Thursday, October 30, 2014

Call for Submissions: Volume 4, Issue 4


As a reminder: we accept a few kinds of submission formats: portable document format (.pdf), rich text format (.rft) and .doc/docx (Microsoft Word) files, OR .mp3/.wav audio files.

That said...please submit no more than three (3) of your BEST poems, or, if you prefer to create an audio recording of yourself reciting your poetry, send ONLY ONE (1) file attachment of NOT MORE THAN 2 MINUTES/120 seconds in total duration to

For our sixteenth issue, we are entertaining poems with the theme of resolutions, as well as fine original poetry outside of this/these theme(s). We simply ask that individual submissions do NOT exceed more than three (3) poems per poet, and that each individual poem NOT exceed more than three (3) pages.

Please read our Mission/Values, Submission Guidelines and Frequently Asked Questions (FAQs) posted near the top of our web page, before submitting to review what resonates with us. We love a variety of poetic styles, but we are also picky.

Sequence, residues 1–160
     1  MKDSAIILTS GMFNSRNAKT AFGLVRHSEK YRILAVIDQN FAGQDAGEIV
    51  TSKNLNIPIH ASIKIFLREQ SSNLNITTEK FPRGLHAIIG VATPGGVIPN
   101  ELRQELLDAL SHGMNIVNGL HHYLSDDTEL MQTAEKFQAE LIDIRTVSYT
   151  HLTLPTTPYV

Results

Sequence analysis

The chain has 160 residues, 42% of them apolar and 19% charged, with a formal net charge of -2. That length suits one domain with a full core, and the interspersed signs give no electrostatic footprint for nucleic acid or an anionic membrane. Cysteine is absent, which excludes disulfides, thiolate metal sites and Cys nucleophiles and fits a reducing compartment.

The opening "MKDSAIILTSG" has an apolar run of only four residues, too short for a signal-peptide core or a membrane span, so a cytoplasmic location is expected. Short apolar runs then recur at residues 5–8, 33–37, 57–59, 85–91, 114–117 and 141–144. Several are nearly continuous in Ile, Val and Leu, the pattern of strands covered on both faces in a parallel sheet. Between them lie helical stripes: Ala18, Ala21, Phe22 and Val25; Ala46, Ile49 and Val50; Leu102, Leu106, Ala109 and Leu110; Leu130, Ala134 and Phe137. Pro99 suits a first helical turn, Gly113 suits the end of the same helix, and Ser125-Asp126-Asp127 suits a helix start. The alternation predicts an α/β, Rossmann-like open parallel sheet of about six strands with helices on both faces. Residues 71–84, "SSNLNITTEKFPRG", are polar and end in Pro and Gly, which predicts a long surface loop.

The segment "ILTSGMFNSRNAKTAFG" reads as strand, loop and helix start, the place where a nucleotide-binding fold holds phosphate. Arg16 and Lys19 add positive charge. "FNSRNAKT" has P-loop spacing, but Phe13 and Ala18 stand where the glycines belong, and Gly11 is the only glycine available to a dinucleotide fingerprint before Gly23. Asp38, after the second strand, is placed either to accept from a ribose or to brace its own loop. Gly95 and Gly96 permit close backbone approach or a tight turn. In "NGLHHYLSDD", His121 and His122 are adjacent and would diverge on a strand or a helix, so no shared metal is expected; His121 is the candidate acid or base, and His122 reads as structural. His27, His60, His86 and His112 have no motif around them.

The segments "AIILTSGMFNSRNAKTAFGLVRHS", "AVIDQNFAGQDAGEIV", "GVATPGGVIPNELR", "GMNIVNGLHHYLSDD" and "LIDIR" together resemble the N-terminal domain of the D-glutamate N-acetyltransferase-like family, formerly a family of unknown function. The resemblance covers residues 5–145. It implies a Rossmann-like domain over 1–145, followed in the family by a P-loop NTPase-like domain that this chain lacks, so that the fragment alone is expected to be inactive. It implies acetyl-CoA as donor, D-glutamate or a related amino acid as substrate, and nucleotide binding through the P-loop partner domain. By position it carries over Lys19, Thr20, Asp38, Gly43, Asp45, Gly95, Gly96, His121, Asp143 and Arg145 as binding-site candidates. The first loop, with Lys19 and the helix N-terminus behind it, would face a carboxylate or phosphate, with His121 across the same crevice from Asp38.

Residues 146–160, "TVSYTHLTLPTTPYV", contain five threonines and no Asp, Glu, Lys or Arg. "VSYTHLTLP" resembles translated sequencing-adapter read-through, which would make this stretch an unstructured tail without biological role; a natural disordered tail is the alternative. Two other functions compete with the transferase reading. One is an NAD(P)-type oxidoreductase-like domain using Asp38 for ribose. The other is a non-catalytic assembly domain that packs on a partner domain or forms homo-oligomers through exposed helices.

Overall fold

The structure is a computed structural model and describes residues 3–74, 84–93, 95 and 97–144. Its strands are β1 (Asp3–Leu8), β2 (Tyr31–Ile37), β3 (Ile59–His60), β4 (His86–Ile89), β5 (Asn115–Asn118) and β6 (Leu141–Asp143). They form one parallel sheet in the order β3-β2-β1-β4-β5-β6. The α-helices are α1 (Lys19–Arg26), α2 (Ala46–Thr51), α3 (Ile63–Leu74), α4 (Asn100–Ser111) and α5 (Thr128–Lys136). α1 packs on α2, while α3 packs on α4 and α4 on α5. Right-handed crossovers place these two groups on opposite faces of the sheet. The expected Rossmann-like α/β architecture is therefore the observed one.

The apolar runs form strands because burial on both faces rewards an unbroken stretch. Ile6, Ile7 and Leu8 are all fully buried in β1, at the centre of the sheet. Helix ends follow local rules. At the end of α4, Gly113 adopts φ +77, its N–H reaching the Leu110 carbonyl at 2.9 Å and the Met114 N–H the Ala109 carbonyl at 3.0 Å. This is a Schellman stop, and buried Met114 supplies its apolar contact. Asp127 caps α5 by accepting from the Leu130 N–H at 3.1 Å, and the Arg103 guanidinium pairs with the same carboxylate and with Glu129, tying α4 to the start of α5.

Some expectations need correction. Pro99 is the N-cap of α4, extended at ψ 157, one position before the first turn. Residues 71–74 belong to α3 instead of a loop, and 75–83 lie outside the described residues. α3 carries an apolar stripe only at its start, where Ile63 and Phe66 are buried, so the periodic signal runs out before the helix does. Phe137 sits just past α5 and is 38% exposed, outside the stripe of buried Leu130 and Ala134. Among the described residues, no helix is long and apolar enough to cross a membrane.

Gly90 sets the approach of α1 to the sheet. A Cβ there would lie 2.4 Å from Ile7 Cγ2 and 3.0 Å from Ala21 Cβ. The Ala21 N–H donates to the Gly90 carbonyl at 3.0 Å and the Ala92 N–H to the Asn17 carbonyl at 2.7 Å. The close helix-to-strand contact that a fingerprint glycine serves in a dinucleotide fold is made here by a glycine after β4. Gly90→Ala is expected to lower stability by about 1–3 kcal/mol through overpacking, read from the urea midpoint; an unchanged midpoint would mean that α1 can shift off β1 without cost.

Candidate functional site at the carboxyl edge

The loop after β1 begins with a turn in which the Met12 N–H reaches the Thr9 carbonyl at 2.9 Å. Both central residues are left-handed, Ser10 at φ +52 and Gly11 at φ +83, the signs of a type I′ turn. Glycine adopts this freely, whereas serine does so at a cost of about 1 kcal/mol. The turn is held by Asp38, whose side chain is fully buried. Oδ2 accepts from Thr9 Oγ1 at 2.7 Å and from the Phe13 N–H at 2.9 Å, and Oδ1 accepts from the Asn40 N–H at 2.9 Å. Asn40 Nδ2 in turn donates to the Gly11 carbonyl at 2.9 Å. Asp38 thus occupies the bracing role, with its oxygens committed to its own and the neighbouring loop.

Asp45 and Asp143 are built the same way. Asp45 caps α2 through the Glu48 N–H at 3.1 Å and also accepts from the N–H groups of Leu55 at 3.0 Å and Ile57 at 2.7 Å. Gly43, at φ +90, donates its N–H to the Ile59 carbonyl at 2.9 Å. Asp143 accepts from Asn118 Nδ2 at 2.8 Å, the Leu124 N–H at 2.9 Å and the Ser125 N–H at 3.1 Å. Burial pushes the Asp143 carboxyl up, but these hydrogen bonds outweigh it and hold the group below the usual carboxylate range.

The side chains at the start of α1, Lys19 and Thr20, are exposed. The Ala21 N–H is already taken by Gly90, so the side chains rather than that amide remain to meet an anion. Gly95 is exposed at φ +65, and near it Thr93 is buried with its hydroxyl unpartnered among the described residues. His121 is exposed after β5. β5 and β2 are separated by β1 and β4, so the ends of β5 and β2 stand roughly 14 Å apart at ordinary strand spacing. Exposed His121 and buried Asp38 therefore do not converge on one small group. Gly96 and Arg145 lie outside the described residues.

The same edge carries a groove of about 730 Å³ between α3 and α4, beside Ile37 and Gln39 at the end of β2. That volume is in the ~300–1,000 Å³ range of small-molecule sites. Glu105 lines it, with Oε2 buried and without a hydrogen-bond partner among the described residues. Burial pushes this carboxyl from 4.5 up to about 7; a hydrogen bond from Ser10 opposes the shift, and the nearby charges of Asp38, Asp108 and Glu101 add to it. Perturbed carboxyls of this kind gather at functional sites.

DEADLINE: December 15, 2014, at 11:59 PM EST

Blast Furnace listed in The HyperTexts

We're pleased to see Blast Furnace receive recognition recently by The HyperTexts, an on-line poetry journal published by Editor in Arrears, Michael R. Burch, in his post The Best Poetry Magazines and Literary Journals for Submissions.

Many thanks to The HyperTexts for inclusion in this fine list of literary publications.

The Heart as Country: Volume 4, Issue 3

I love the experience of being a poetry editor.

In re-reading, for the umpteenth time, Blast Furnace Volume 4, Issue 3, I am reminded of the privilege it is to be part of the poetry community. Each issue, in fact, prompts this response in me, though there is truly something to the theme of and response to "love of country" that cuts to the bone.

In this edition, we wear our hearts--our countries--on our sleeves in poems boasting eagles at breakfast, cowboys loving on peaches, a French mosquito's perspective, the physical act of carrying Fender amps, stacks of books and accordions. Our love, or love-sickness (or sometimes just plain sickness) of homeland imbues war veteran wisdom shared in camper conversation; sitting down to coffee with a drifter; the raw reality of missiles washing onto beaches that many of us cannot begin to imagine.

The gift of living, at least partly, in the literary arena is the generous exposure it offers--to unfamiliar territories made accessible with each poem. I am grateful for every single one of these new worlds.

- R. Clever, Editor